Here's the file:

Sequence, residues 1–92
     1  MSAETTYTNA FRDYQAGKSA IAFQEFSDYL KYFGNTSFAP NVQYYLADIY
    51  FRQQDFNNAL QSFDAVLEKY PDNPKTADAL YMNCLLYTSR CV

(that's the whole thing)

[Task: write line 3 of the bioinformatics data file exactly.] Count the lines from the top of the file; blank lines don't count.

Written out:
    51  FRQQDFNNAL QSFDAVLEKY PDNPKTADAL YMNCLLYTSR CV